In 1962, we found ourselves following the negotiations between the DC and the PCI concerning Italian schools.
On December 31, an agreement was reached with Law n. 1859: the unified middle school was born, which would
allow anyone attending it to enter high school.
This Nuova Media may seem like an achievement, but in Vicchio, a small Tuscan town located in Mugello, there was a different school that was not satisfied with the crumbs and, with a book entitled Letter to a Teacher, aimed to unmask the Italian school system, which had eyes only for those lucky enough to be born into the right families.
The school was that of Barbiana, founded by Don Lorenzo Milani.
The book is written from the viewpoint of someone who, until then, had not had the opportunity to speak, having come out of a state school almost illiterate, and having managed to learn, wanted to become a teacher.
The ascent to a teaching position, however, was not so easy because the risk, for a child of peasants, of remaining stuck in the same class for a long time, was real. According to statistics, during the 1963-64 school year, 1,031,000 students failed out of compulsory school, including Gianni and my father.

My father had the good fortune of having far-sighted parents and he finished the eighth grade before starting to work; Gianni, on the other hand, one of the boys at the Barbiana school, stopped studying at the age of 14 after failing his private exam and found a job.
As a teacher who doesn’t have a permanent teaching position, this open letter written by the students to the teaching staff has been essential for my education.
Sixty years have passed, but some situations that didn’t work out well then still play out before my eyes. Is it not true that many students are careerists? The only purpose for studying is the grade one is given, as if the only representation of oneself were a number obtained for a performance. I have made the speech in class many times: ‘You are not a number, you are people,’ but I see it – when I hand back the tests – that the interest is in the mark and not in learning from one’s mistakes.
At the end of the year they ask me if 5.5 is a passing or failing grade, as if only the average counts and not the course. Who puts these ideas into the heads of boys and girls?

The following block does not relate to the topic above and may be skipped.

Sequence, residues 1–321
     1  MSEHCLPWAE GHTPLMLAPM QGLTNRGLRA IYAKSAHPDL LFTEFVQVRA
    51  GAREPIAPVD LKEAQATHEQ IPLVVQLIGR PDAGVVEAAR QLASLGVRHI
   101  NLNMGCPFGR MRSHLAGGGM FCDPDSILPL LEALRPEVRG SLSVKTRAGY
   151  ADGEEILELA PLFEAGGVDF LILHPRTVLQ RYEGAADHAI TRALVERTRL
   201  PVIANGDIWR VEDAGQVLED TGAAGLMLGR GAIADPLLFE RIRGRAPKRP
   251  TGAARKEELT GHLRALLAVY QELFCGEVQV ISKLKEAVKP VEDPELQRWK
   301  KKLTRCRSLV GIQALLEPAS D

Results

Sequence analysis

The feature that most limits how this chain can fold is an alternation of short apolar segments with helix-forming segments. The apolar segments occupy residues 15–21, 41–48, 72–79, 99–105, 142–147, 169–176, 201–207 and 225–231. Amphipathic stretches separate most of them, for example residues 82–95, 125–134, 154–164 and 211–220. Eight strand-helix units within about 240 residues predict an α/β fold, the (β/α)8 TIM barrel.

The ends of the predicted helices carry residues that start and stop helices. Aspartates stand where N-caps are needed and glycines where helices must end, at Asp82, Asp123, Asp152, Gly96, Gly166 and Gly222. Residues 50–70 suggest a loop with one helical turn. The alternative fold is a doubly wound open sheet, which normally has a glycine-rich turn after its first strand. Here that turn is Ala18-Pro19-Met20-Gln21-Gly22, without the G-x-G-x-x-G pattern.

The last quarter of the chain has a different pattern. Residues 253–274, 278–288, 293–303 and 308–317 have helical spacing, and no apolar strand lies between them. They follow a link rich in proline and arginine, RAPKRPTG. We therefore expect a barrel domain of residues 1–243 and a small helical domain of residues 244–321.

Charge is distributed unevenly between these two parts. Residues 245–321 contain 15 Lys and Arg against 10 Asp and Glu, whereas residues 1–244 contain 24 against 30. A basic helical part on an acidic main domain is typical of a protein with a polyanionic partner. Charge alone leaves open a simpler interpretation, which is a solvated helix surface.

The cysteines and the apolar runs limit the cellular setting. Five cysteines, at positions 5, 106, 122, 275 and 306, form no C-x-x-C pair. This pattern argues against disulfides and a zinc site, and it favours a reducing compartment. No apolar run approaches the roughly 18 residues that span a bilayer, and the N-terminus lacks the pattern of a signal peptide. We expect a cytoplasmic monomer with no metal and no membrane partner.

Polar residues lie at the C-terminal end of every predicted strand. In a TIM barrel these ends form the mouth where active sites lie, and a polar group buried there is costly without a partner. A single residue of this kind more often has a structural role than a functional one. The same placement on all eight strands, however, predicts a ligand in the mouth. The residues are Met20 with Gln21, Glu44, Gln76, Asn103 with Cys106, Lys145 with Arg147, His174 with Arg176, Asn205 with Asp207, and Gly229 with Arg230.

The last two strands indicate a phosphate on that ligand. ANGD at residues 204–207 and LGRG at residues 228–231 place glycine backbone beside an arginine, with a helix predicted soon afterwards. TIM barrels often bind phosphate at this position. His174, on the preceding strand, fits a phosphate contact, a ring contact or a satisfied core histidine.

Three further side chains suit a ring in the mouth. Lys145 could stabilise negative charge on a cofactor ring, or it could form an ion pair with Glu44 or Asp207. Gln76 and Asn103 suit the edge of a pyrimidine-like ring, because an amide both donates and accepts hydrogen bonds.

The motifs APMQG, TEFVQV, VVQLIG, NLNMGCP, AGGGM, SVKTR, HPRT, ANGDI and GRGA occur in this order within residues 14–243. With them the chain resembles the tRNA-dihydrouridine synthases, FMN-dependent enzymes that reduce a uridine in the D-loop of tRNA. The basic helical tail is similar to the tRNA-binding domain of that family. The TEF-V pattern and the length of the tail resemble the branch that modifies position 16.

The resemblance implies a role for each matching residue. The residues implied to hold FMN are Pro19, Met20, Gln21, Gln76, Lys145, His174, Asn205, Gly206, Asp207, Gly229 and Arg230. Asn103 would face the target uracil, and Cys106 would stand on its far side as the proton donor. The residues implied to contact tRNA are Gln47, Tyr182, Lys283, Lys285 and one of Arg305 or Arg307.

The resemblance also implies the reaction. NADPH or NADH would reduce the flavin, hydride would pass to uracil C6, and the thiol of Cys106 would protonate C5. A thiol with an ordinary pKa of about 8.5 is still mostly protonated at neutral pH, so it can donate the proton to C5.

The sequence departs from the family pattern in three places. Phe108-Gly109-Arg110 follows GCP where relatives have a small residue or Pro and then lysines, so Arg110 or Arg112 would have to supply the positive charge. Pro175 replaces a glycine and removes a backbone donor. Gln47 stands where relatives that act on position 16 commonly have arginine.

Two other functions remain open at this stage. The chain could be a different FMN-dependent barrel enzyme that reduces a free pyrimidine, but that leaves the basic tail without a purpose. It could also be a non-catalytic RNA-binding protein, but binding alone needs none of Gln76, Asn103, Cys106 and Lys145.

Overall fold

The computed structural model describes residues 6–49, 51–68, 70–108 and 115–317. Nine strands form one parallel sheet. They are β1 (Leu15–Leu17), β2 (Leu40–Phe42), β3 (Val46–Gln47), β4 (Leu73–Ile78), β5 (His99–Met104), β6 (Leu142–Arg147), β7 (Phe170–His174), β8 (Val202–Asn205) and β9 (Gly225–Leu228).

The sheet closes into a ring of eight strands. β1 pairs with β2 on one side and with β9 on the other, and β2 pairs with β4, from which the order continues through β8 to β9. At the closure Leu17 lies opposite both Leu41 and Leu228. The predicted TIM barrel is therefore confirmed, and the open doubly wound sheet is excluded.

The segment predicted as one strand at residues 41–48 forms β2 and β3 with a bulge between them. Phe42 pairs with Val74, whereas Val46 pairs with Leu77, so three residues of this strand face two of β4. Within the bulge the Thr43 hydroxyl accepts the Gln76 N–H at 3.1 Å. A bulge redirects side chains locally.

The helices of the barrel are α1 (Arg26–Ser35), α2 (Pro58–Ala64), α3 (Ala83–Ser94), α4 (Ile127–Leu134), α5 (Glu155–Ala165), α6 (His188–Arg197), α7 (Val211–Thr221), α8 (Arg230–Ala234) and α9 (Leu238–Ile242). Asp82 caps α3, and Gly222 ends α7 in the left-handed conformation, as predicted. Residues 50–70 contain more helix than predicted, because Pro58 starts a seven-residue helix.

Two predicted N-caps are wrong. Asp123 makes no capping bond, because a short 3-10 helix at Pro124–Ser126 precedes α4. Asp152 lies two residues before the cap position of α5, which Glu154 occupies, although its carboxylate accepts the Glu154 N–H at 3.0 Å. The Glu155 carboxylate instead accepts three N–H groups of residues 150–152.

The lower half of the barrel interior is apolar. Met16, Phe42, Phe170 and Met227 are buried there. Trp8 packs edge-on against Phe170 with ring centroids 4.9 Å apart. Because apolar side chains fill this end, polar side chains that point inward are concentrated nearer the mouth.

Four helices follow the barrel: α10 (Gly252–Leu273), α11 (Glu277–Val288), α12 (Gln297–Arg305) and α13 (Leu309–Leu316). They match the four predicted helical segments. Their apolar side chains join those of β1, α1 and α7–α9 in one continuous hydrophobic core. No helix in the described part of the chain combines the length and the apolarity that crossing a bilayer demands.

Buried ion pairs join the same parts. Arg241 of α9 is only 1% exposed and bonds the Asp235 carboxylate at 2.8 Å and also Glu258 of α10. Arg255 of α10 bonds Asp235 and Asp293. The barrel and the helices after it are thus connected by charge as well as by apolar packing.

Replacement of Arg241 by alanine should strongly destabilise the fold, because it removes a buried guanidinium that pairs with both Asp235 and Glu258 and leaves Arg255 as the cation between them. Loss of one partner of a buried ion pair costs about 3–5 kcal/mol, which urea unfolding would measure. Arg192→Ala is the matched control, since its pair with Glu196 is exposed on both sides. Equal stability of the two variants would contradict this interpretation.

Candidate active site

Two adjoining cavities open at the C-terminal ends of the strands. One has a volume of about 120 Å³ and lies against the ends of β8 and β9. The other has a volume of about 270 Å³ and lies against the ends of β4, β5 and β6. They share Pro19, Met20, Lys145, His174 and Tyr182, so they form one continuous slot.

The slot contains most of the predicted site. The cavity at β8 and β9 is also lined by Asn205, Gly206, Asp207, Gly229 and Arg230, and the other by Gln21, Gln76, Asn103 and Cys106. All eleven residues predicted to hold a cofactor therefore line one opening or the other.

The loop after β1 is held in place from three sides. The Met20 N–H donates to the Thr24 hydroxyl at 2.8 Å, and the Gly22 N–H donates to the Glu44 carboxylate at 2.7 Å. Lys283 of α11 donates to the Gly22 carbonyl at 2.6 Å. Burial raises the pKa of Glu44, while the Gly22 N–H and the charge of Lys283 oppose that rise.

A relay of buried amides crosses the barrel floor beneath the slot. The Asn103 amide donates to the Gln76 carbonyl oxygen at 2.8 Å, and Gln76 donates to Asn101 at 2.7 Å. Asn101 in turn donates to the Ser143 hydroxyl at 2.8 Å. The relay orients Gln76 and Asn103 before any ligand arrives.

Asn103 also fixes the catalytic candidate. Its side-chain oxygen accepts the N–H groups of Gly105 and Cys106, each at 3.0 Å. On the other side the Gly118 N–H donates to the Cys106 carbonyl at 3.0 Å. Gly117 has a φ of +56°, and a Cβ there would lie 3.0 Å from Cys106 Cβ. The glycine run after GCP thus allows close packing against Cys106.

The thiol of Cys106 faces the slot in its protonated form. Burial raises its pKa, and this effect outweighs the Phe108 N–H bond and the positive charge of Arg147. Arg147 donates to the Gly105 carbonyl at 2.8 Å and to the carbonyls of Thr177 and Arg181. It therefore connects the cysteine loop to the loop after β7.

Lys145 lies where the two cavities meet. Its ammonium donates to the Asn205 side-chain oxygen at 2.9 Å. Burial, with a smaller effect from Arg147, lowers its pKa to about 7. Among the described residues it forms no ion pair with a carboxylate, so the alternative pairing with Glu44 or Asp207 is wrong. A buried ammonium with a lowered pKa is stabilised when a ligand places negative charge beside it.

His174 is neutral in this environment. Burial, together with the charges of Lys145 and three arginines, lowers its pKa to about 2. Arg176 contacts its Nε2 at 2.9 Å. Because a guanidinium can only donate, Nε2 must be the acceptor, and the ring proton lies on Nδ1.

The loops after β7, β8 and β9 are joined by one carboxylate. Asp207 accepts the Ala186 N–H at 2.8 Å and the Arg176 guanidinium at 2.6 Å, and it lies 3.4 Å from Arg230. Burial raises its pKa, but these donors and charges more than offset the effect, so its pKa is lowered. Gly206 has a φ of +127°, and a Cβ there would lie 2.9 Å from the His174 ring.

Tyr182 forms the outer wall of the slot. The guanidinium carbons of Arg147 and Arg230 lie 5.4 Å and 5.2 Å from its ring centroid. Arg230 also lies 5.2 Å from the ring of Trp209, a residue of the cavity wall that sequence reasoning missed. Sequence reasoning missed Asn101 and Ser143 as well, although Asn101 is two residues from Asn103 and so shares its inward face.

Another critical point is the connection between school and life.
The boys of Barbiana complained about not going further than the First World War when they studied history; we go a few decades further but without considering all that has happened in recent years. The programmes have been replaced by National Indications and yet, for some teachers, they are an obsession.
Today more than ever, greater importance should be given to current events, to reading newspapers, to the opinions of the students: ‘The mind is not a vessel that needs filling, but wood that needs igniting.’
Finally, there are the boys and girls that no one wants. Back then they went to work or landed in Barbiana; today they go to private schools (if they were born into the right family) or continue to be rejected until the time to drop out arrives. Art.
3 of the Constitution says that we must ‘remove obstacles of an economic and social nature.’
Sometimes students continue to repeat the year because they don’t know Italian, they don’t know how to ask for help; sometimes because they don’t study, but before I say why they have failed, I always ask myself: ‘What have I done to help that boy/girl?’ or ‘Am I sure that their behaviour doesn’t mask something?’ Because as the children of Barbiana wrote: school cannot be a hospital that cures the healthy and rejects the sick. It’s easy to teach someone who always gets good marks. For me, the greatest satisfaction is seeing those with a failing grade get a passing one.
I have been working at school for 3 years, my colleagues say that I feel this way because I am young and that I will lose my enthusiasm as the years go by: when that day comes I will change jobs. Unfortunately, the Italian educational system also has those who consider teaching a fallback, and I don’t blame them: there is the salary, an eighteen-hour week (if you don’t consider all the time spent on preparation and correction) and even the possibility of getting work as a substitute without having to do an interview.
In Barbiana, they say that if they force teachers to work more hours with an after-school programme for students who need it, many will disappear. I believe that too.
What pushes me to go to school every day is my passion for my work, even if, like the narrator of the book, I come
up against a recruitment system that makes me turn up my nose: he had a teacher who flunked him out of high school; I’m waiting for a testing session that will allow me to access a permanent position; we both find ourselves sacrificing the in-depth studies we need to teach because we have to study concise little books.
‘I study like a worm’ to be evaluated by a crossword test, when for me school is so much more, I get ahead by training with paid courses or putting myself on reserve lists. ‘I will be a teacher and do school better than you,’ says the narrator. His cockiness gives me the strength to keep pursuing my goal.

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